Foreclosed properties are sold below market value, but they are also likely to be less valuable than similar properties that have not been foreclosed on. This is especially true if you purchase a foreclosure property in a high foreclosure area. Just as a frustrated previous owner might do damage to a single foreclosure property before being evicted, a collection of frustrated previous owners might do damage to the neighborhood before saying goodbye.
So, are the steeply discounted prices of a foreclosure property worthwhile, or are they just bait to lure you into a money trap?
Use this list of pros and cons to decide for yourself:
Holding onto a property after foreclosing on it is not advantageous to the bank. Every month that goes by means more cost in taxes and maintenance for them. Banks are generally eager to get these properties off their hands, hence the deep price gouges.
Properties are foreclosed upon because the owner fails to meet their mortgage payments, but don’t make the mistake of thinking that all foreclosure properties are in impoverished areas. Just as often, banks foreclose on owners who bit off more than they could chew with palatial properties.
When you browse the foreclosure market, you can find a much wider variety of properties at your price point than you will on the regular market.
When you buy a foreclosure property, you are almost always paying less than what it’s worth. That means automatic appreciation!
Foreclosure properties often have some damage done to them as well. Repair this damage, and you will again see appreciation that outstrips your investment.
Foreclosures reduce the value of other properties in a neighborhood and, if they sit empty for too long, may draw drug dealers or gangs to the neighborhood. When you purchase a foreclosure and fix it up, you are contributing to neighborhood recovery. And if other nearby foreclosures are being purchased by likeminded individuals, you can find yourself in a close knit, supportive community.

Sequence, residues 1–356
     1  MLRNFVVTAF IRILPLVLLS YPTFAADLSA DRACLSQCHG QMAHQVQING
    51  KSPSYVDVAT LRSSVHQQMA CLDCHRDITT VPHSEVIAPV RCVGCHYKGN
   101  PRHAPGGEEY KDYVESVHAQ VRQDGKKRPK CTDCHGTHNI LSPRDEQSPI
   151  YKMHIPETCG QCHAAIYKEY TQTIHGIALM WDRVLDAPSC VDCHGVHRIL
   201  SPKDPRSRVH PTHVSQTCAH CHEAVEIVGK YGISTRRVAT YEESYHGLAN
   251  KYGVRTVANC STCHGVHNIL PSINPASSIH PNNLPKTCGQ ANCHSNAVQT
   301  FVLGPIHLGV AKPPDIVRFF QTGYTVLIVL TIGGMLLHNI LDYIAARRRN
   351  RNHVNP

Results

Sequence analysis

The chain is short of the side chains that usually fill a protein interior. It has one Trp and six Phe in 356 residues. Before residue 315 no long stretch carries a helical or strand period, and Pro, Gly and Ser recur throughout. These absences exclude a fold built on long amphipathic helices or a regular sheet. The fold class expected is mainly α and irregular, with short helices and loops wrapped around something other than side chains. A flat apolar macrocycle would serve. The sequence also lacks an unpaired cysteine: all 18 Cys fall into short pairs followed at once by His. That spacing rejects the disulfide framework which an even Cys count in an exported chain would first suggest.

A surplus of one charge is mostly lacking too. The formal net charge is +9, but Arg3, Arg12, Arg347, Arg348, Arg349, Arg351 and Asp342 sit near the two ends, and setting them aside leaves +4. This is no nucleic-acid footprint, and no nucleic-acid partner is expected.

It’s very common for foreclosures to have missing appliances, broken windows, or even holes punched in the drywall to remove copper pipes. You should be prepared to shell out some of the money you saved when you bought your foreclosure to repair damage.
If you are the only one devoted to neighborhood recovery in a high foreclosure area, well, you’ll need to be Superman to make a big impact. High foreclosure areas often suffer from increased crime rate and other social issues that make them stressful for property owners.
Foreclosure properties usually come with complicated backstories. They may have liens from previous owners, or the title might be tied up in a divorce suit. It’s also possible that the bank has not evicted the owners yet, in which case you will have to pay for an eviction service and square your conscience with that decision.
Aside from the automatic appreciation you get from buying below market value and repairing damage, your property will be slow to appreciate if it is in a high foreclosure area and that neighborhood never takes a turn for the better.
Purchasing a foreclosure is a high stakes investment, but the payoff can be big if you find a foreclosure in a forward-moving neighborhood. Remember, foreclosures are sold as is: no disclosures, no inspections, no contingencies. For that reason, it’s crucial that you fully understand the pros and cons of a foreclosure before investing!